Madden remarked of his longtime broadcast colleague, “He was John Wayne and Walter Cronkite.” “He had the ability to keep things on a level keel. Pat could sum it up in three words if I went off on a tangent. ‘That’s what I was trying to communicate,’ I’d think.”
“There’s only one John Madden.” – Al Michaels
From coaching to the announcing booth, John Madden was iconic 🎙🏈 #NFL100
📺: NFL 100 GREATEST CHARACTER on NFL Network pic.twitter.com/U0oRFZGJll
— NFL Network (@nflnetwork) October 19, 2019
Madden worked three more Super Bowls with Al Michaels, including the Steelers’ thrilling triumph over the Cardinals in Super Bowl XLIII, which was his last broadcast. Madden won 16 Emmy Awards for his colourful commentary, as well as the NSAA National Sportscaster of the Year award in 1994 and the Pete Rozelle Radio-Television Award in 2002.
Madden’s ‘Cruiser’ was inducted into the Hall of Fame.
Due to his reluctance to flying, Madden spent the most of his broadcasting career taking the bus to NFL games.
In 1987, a Greyhound bus was transformed into the “Madden Cruiser.”
The original “Madden Cruiser” was presented to the Hall of Fame in 2018, where it was restored to its original state.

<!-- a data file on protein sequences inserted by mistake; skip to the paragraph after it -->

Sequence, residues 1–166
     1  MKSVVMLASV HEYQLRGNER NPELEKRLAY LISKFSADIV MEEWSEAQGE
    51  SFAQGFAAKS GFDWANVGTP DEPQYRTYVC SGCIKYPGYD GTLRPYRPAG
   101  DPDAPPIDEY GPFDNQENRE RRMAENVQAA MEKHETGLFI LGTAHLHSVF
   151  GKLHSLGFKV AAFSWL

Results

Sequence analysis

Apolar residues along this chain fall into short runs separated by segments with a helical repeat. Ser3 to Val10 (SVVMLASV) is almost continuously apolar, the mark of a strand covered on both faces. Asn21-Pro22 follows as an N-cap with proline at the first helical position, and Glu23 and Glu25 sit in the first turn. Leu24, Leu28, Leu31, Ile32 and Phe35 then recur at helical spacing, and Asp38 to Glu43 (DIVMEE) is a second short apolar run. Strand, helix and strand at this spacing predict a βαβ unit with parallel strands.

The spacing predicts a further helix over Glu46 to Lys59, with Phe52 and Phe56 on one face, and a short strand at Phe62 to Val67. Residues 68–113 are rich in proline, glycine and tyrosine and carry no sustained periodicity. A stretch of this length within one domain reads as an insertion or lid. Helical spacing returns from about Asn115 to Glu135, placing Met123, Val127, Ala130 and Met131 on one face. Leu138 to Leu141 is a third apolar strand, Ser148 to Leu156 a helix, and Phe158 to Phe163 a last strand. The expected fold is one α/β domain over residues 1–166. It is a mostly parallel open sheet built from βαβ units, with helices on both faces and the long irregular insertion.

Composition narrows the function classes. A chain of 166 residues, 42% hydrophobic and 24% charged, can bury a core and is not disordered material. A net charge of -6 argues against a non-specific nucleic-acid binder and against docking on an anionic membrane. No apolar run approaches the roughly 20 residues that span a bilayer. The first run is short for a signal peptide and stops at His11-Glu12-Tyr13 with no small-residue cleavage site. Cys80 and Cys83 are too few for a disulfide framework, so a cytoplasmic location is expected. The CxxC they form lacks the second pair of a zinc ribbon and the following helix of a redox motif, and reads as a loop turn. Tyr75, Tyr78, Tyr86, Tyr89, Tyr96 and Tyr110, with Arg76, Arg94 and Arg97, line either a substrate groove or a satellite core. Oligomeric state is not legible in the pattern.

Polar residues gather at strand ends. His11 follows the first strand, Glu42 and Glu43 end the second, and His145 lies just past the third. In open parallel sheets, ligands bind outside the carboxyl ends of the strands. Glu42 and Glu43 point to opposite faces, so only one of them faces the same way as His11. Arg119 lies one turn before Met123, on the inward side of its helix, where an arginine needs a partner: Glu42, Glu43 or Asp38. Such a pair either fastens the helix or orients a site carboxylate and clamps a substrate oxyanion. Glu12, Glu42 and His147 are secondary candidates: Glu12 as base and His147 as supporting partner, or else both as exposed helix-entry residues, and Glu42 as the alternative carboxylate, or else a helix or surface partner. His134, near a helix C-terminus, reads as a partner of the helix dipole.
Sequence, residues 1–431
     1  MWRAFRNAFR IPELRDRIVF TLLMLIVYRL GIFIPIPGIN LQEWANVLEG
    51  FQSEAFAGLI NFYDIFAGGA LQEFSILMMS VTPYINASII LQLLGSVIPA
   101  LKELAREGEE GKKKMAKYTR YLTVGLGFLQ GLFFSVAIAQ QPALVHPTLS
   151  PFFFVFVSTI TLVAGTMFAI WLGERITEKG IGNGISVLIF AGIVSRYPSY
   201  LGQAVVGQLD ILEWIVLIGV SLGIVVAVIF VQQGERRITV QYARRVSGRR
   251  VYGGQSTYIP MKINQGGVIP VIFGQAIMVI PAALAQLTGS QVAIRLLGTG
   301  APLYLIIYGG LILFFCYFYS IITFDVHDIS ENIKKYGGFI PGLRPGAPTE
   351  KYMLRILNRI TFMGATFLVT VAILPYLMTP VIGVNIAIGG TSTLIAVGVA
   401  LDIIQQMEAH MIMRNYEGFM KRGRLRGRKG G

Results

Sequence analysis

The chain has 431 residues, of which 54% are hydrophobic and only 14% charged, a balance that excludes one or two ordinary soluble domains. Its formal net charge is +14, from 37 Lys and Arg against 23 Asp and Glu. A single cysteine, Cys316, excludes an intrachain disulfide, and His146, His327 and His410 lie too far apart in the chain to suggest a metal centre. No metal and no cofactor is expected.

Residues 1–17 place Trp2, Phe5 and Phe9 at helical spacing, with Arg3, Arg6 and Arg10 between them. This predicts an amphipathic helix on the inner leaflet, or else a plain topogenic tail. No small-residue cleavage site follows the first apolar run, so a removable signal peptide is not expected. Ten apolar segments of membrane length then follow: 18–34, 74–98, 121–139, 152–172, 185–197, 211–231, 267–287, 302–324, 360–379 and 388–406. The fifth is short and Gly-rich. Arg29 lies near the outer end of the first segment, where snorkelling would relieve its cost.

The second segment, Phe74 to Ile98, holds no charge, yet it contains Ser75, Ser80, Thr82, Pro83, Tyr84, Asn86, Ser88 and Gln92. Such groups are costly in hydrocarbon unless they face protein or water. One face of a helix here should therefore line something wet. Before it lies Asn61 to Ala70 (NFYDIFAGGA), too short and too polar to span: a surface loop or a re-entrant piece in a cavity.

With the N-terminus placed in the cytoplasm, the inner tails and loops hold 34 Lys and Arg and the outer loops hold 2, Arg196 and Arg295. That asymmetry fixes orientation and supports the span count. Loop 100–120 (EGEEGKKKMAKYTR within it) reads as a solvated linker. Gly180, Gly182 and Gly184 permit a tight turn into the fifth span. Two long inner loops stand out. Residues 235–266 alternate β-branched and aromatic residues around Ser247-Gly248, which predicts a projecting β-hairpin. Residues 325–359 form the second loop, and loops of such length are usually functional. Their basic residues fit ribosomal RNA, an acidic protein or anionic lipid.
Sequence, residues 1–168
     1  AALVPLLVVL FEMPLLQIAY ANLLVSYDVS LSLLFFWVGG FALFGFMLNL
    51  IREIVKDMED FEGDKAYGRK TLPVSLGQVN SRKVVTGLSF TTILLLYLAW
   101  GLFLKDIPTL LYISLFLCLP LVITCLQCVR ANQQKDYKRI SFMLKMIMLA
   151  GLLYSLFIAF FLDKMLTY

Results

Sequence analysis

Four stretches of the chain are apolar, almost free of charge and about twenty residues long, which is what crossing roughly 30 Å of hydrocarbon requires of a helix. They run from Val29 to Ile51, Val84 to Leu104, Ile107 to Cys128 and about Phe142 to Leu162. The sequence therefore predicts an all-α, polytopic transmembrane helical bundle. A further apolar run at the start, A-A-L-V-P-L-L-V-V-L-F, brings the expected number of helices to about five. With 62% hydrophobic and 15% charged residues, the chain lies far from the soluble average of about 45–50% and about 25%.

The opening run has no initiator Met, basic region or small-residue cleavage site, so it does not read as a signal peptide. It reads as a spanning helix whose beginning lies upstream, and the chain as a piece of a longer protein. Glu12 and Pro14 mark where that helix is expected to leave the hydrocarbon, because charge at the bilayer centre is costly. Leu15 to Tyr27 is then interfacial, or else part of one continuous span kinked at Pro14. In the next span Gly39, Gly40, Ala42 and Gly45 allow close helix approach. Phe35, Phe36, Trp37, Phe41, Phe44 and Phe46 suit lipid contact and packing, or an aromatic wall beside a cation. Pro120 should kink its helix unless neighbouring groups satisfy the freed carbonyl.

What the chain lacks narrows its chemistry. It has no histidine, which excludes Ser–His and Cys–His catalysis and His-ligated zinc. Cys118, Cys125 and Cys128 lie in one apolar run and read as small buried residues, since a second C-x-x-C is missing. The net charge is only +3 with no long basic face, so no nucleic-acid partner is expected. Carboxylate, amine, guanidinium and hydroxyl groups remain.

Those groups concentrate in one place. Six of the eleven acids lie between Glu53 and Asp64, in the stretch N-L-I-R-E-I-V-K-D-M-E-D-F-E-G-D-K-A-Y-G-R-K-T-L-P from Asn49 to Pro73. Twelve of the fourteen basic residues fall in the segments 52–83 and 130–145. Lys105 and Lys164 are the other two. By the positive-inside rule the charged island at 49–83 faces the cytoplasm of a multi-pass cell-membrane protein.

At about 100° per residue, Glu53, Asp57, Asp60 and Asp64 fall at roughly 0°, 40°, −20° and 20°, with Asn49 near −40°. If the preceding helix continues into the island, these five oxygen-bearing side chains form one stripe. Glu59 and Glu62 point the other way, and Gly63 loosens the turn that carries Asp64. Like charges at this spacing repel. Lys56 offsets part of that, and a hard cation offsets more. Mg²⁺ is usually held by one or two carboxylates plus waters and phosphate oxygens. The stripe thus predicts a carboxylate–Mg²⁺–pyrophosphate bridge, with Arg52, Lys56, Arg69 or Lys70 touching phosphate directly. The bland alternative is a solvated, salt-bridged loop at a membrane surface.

Two colour TVs, a telephone and intercommunications system, a citizens band radio, two laser disc players, a built-in vacuum cleaner, a sound system, and a VHS player are all included in the original “Madden Cruiser.”
A private bedroom with a queen-sized bed, a full bathroom, and a kitchenette with a microwave oven are all included aboard the bus.
In an interview for a TV documentary, Bill Belichick expresses admiration for John Madden.
John Madden was a familiar face in the NFL for a long time. He was, in many respects, the voice of football. He was a Sunday mainstay in American families for three decades, a figure with various sponsorships who donated his name and picture to the world’s largest football computer game.